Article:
As Keyes points out, functioning throughout the TCC isn't just about creating a couple of public appearances. It amounts to a good deal of difficult work for busy members. In its ecological function, TCC is developing plans to encourage corporate recycling in nyc, and also to support New York Citizen Suits Bill, that will allow private citizens to sue regarding environmental hazards or hazardous wastes. New York is just one of several states where such suits aren't allowed, says executive director Cristine Croninsaid Lately, Blythe Danner directed other TCC members at a struggle to restore funds for recycling to New York City's budget. Another ecological activity is attracting attention to the requirement for cleaning up the Hudson River.
TCC "allows non-celebrity members that aren't recognizable faces to use their own talents throughout the organization to assist something that they believe in," says Nina Streich, who is deputy director of the Mayor's movie office, also serves as co-chair of TCC's committee about the homeless. Last spring, the committee started improvisational comedy workshops for children in Project H.E.L.P., a privately funded program started by Andrew Cuomo to make transitional housing for homeless families in New York, also has helped build libraries in those facilities.
Related Post: How to Replace Car Speakers
Last year in the Greyston Family Inn at Yonkers, NY, at which marketable skills are educated to homeless people, TCC members did a Christmas show with clowns and entertainers for homeless families, and brought presents. This season, Radio City Music Hall is donating 200 tickets to the opening night of its Christmas show through TCC for homeless families. TCC members' use the homeless has been "really hands-on," says Streich. "A little bit goes a long way, and it's really rewarding."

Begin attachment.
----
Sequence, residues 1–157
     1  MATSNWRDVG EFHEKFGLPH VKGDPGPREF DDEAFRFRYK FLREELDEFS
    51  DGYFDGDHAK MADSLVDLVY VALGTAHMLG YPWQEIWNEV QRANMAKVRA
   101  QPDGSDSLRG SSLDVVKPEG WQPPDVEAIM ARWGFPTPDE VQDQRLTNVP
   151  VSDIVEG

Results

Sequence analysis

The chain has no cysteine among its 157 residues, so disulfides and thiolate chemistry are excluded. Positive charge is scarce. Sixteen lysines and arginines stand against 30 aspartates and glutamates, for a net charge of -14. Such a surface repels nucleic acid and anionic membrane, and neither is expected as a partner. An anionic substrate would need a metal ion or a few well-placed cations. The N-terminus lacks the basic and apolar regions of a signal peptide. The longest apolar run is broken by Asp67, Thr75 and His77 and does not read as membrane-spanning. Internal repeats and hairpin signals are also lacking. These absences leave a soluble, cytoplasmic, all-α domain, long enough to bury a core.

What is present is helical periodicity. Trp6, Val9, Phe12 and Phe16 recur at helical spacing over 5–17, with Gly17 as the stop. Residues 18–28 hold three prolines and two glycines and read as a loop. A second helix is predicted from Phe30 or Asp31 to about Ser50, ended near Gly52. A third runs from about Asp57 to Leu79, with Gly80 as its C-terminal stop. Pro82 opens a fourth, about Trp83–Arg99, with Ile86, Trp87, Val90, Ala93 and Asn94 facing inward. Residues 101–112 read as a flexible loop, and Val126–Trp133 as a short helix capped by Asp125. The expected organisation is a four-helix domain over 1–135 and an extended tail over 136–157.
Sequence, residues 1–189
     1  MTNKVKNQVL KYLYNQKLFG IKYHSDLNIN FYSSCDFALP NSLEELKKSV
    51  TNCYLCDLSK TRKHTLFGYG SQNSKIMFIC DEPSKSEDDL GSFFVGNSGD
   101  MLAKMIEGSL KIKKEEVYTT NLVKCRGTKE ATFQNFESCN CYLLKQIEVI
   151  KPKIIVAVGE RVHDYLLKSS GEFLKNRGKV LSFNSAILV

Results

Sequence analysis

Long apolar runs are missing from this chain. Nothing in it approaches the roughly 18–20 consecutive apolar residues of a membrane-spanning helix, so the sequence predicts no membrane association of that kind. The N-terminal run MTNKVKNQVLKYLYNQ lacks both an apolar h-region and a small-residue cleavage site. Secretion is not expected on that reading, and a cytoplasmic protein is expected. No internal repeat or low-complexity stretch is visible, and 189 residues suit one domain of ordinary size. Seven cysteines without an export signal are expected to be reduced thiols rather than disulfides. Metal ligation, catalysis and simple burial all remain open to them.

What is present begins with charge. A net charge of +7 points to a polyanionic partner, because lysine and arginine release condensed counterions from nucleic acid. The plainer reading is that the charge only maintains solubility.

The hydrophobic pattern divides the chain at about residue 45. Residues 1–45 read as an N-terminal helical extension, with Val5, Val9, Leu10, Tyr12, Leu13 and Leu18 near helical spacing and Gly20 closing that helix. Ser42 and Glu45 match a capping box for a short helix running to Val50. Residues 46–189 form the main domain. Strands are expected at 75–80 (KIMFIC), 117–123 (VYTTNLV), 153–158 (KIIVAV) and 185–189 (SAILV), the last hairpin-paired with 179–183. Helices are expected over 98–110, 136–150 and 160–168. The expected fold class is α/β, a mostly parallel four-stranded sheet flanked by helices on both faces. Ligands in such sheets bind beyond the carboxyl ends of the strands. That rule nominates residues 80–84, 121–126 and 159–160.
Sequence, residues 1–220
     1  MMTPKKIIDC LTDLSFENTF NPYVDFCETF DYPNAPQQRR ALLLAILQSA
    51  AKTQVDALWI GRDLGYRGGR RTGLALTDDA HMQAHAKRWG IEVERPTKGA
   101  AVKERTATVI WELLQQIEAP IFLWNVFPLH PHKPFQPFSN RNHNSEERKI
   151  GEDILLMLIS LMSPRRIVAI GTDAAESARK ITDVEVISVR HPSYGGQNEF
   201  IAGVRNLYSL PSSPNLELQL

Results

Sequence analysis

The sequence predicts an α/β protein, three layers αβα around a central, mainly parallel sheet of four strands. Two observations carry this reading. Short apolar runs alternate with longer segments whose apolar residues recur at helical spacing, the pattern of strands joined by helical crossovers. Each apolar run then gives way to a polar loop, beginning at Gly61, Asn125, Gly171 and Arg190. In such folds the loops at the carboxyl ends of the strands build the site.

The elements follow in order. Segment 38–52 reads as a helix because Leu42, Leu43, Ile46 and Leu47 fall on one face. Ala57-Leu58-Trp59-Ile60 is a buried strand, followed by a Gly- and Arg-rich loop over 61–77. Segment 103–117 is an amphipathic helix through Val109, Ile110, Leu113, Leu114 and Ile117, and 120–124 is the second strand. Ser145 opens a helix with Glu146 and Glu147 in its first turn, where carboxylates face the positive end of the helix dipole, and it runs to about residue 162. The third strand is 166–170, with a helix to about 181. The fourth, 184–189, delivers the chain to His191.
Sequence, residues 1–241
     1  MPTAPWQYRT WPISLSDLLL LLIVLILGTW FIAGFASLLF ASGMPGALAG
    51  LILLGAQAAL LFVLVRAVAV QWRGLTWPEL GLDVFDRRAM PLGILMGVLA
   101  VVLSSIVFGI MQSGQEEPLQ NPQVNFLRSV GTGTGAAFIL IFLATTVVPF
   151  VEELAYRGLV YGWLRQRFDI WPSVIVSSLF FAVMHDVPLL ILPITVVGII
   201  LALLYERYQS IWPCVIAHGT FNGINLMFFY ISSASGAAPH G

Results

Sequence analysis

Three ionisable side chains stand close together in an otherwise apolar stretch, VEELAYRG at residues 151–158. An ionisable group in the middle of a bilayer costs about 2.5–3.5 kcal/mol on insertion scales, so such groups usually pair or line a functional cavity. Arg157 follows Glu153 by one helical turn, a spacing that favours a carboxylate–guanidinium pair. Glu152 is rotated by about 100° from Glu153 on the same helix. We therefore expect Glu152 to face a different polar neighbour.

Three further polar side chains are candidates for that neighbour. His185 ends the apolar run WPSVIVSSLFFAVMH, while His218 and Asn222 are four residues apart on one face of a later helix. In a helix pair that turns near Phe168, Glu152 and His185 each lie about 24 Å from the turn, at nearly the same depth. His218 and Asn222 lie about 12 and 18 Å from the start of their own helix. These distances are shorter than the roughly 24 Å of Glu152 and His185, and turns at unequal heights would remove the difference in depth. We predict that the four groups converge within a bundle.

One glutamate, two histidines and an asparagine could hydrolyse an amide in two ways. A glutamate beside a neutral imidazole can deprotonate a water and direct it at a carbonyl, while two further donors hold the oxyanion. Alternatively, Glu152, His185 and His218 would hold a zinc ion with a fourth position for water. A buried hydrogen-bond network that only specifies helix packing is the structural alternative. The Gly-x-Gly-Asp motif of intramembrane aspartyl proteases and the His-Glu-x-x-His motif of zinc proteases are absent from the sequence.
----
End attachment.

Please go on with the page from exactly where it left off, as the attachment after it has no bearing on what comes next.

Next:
Members of the entertainment industry--especially actors--have come under fire at the press for getting overly involved with politics, but Jaynne Keyes disagrees with those critics. "Showing people that you care about the system--which there is a way to escape and get something accomplished--merely teaches people a fantastic lesson."
"People in the arts--while or not in front of the camera--possess a unique ability to reach people in a manner that moves them" Streich says. "There's a responsibility has to do something to enhance the lot for another generation."
Members attend at no cost, but admission for non-members is 10. Membership from The Creative Coalition is $200 annually for a person, and $300 a year for couples. Most of the membership dues visit administrative expenses, based on its executive director.
Eco Expo will feature environmental achievement awards, as well as high-mileage, clean-fuel cars, ecological investment opportunities, speakers, and over 1,000 products which save energy and water, are nontoxic and natural, and encourage recycling or are made from recycled materials. It takes place from 5:30-7:30 pm in the Jacob Javits Convention Center, 11th Ave. in 36th St. Reservations are required: -LRB-212-RRB- 220-6891. How to install car speakers
Edited by adrienne2242, 14 January 2018 - 12:12 AM.